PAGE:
• This Drowned God ritual takes on a more symbolic gesture than how it appears in the novels which literally involves
  • Yoren of the Night’s Watch, just like Syrio Forel of Braavos, you went out like a BOWSE. Arya may have lost another badass mentor, but she’s now been taught by them both how to survive and tell death not today.
  • Jaqen H’ghar appears briefly and I wouldn’t be surprised if he shows up more as the season continues.
  • Gendry is going to miss that bull’s helm.
  • Last and most important observation, the men may hold the power in Westeros but there seem to be a very powerful woman standing behind each and every throne and seat of power: Catelyn Stark with Robb, Melisandre with Stannis, Margaery with Renly and Cersei with Joffrey.

Review: Game of Thrones Ep. 07 “You Win Or You Die”


HBO was kind enough to allow people who registered for their HBOGO.COM service to watch this seventh episode of Game of Thrones a full week before it aired. I wasn’t planning on watching it ahead of time, but since I already was signed up I decided to just go ahead and watch it. I must say that this latest episode continues to build on what has been a very strong first season for the tv adaptation of George R.R. Martin’s popular and critically-acclaimed medieval fantasy novel series of “A Song of Ice and Fire”.

The last episode was a major turning point for some of the characters in this series. “A Golden Crown” saw Daenerys Targaryen finally become her own woman in the face of her older siblings buffonery and childish tantrums. Behavior which finally got him the “golden crown” he deserved from Khal Drogo (and one which Daenerys seems to approve of). Tyrion Lannister using his wit and cunning mind to get himself extricated from the craziness that was Lysa Arryn and her court in the Eyrie of the Vale. The episode also brings together all the clues and evidence Ned Stark had been gathering about the death of the previous Hand of the King.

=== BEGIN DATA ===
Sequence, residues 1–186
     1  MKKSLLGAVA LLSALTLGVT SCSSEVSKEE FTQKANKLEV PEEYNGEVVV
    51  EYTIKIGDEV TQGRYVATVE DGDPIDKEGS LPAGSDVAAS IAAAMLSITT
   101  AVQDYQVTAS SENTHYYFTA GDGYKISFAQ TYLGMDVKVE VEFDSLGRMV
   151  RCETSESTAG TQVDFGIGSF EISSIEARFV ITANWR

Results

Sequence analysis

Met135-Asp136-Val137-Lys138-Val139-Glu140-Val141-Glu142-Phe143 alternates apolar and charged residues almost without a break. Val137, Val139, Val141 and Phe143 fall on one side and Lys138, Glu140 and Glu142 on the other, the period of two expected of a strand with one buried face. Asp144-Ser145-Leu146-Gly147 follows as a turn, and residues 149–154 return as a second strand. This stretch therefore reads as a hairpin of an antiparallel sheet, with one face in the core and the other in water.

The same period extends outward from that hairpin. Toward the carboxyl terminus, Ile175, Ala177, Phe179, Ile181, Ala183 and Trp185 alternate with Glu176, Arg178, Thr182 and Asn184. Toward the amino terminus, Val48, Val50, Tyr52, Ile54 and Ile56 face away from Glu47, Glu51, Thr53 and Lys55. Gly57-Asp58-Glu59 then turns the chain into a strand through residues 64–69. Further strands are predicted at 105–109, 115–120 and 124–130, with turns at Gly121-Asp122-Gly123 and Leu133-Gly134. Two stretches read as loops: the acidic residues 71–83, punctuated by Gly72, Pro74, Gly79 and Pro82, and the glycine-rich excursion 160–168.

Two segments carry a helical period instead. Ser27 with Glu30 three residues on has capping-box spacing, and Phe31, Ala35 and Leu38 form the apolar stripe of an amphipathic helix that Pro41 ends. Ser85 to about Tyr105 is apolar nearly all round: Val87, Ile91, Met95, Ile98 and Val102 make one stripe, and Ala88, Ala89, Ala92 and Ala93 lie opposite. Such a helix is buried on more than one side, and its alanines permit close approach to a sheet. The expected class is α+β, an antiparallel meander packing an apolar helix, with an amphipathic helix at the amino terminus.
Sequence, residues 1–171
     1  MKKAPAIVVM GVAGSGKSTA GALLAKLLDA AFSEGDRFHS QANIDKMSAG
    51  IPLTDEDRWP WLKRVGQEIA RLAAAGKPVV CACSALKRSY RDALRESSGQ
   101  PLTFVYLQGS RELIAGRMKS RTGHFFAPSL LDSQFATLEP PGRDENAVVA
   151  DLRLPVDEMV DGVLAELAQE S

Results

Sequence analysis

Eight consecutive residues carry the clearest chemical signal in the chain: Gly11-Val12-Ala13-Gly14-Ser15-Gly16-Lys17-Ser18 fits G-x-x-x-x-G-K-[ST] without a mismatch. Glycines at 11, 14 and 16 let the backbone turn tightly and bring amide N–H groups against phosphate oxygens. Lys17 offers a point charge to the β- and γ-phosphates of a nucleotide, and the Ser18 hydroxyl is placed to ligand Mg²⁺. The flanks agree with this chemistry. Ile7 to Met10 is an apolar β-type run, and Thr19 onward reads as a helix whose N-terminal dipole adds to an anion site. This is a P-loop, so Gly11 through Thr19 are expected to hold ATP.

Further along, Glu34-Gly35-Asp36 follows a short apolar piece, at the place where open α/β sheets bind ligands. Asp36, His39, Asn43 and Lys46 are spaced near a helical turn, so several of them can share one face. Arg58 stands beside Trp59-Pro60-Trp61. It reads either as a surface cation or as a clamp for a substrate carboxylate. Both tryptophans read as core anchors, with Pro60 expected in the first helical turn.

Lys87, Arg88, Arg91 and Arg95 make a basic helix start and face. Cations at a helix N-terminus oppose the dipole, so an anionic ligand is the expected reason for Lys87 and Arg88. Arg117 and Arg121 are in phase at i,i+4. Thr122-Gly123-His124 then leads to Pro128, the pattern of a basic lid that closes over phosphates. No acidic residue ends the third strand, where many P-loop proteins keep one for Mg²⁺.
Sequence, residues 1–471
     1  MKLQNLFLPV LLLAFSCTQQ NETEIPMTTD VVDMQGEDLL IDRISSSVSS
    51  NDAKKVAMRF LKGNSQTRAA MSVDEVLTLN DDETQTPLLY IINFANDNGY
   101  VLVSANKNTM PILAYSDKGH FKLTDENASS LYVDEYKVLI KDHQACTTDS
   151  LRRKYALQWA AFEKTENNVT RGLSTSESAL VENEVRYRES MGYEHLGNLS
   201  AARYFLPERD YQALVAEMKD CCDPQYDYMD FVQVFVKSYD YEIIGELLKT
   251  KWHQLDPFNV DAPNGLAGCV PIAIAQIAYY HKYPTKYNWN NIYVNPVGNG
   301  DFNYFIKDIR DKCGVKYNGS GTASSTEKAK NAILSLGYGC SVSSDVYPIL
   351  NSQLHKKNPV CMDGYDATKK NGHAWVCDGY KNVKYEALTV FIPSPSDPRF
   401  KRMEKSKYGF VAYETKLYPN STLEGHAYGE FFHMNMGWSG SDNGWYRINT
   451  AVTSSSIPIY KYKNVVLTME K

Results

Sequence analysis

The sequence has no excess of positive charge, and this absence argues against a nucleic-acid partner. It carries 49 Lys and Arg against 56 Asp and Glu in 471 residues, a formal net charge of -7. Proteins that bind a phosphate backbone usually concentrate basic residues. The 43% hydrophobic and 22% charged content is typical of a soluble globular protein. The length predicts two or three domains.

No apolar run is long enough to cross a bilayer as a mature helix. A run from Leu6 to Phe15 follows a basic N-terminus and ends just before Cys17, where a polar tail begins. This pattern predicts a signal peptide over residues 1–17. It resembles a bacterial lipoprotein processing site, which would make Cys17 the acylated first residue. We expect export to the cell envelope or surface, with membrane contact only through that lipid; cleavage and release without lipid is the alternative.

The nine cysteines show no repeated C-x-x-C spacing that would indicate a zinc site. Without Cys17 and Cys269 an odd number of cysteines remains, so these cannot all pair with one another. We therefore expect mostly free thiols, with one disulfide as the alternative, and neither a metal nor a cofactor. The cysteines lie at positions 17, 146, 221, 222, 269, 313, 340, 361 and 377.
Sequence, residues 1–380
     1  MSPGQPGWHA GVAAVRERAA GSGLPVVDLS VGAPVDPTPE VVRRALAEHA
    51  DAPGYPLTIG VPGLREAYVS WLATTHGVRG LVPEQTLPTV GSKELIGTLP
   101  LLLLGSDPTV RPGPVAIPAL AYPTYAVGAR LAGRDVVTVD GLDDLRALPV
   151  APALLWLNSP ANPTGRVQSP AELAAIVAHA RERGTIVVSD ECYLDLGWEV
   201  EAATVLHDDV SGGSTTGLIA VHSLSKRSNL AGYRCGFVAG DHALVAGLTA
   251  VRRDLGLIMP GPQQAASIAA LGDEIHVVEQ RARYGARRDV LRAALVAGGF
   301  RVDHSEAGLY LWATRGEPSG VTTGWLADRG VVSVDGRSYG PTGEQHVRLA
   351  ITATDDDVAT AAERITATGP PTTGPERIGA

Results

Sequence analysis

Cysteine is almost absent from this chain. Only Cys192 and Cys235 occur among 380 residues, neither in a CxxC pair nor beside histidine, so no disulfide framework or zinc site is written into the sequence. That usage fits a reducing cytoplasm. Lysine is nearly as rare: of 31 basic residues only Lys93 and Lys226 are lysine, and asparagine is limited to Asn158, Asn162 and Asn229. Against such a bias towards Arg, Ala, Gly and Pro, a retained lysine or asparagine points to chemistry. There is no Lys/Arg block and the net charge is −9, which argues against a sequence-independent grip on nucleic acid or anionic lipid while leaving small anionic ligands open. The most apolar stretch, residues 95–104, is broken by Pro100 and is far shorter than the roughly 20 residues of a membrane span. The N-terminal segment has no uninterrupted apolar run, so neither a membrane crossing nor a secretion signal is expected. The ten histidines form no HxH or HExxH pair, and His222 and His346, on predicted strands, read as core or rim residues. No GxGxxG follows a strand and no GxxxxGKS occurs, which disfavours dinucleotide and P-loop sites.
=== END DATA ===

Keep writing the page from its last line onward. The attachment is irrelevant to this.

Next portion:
One would think that nothing could top all the pivotal events of episode six’s “A Golden Crown”, but this seventh episode surely tops that one with some building on the revelations of the previous episode. It’s really a major testament to showrunners David Benioff and D.B. Weiss at how they’re able to not just stay true to the source material but also condense some of the minor threads of subplots and backstory into an hour episode that’s thrilling, engaging and not pandering to it’s audience.

This episode was aptly titled, “You Win Or You Die” as the fight for the throne of the Seven Kingdoms finally begins. We see the introduction of the Lannister patriarch who has loomed over the series as some unseen Sword of Damocles who holds King Robert’s tenuous hold on his kingdom. It was a treat to see veteran British actor Charles Dance as Tywin Lannister and see him playing the character as a no-nonsense, pragmatic but ruthless leader of his House. His brief time in this episode told us all we needed to know about Tywin. He’s so unlike his three children and this fact has become such a burden to him that he’s willing to take whatever virtue from the one child he sees as his most capable heir in Jamie that he’s willing to forgo all the faults. The scene of him butchering and dressing the stag while talking down (and propping up) Jamie for his foolishness with challenging Ned in episode five was very prophetic.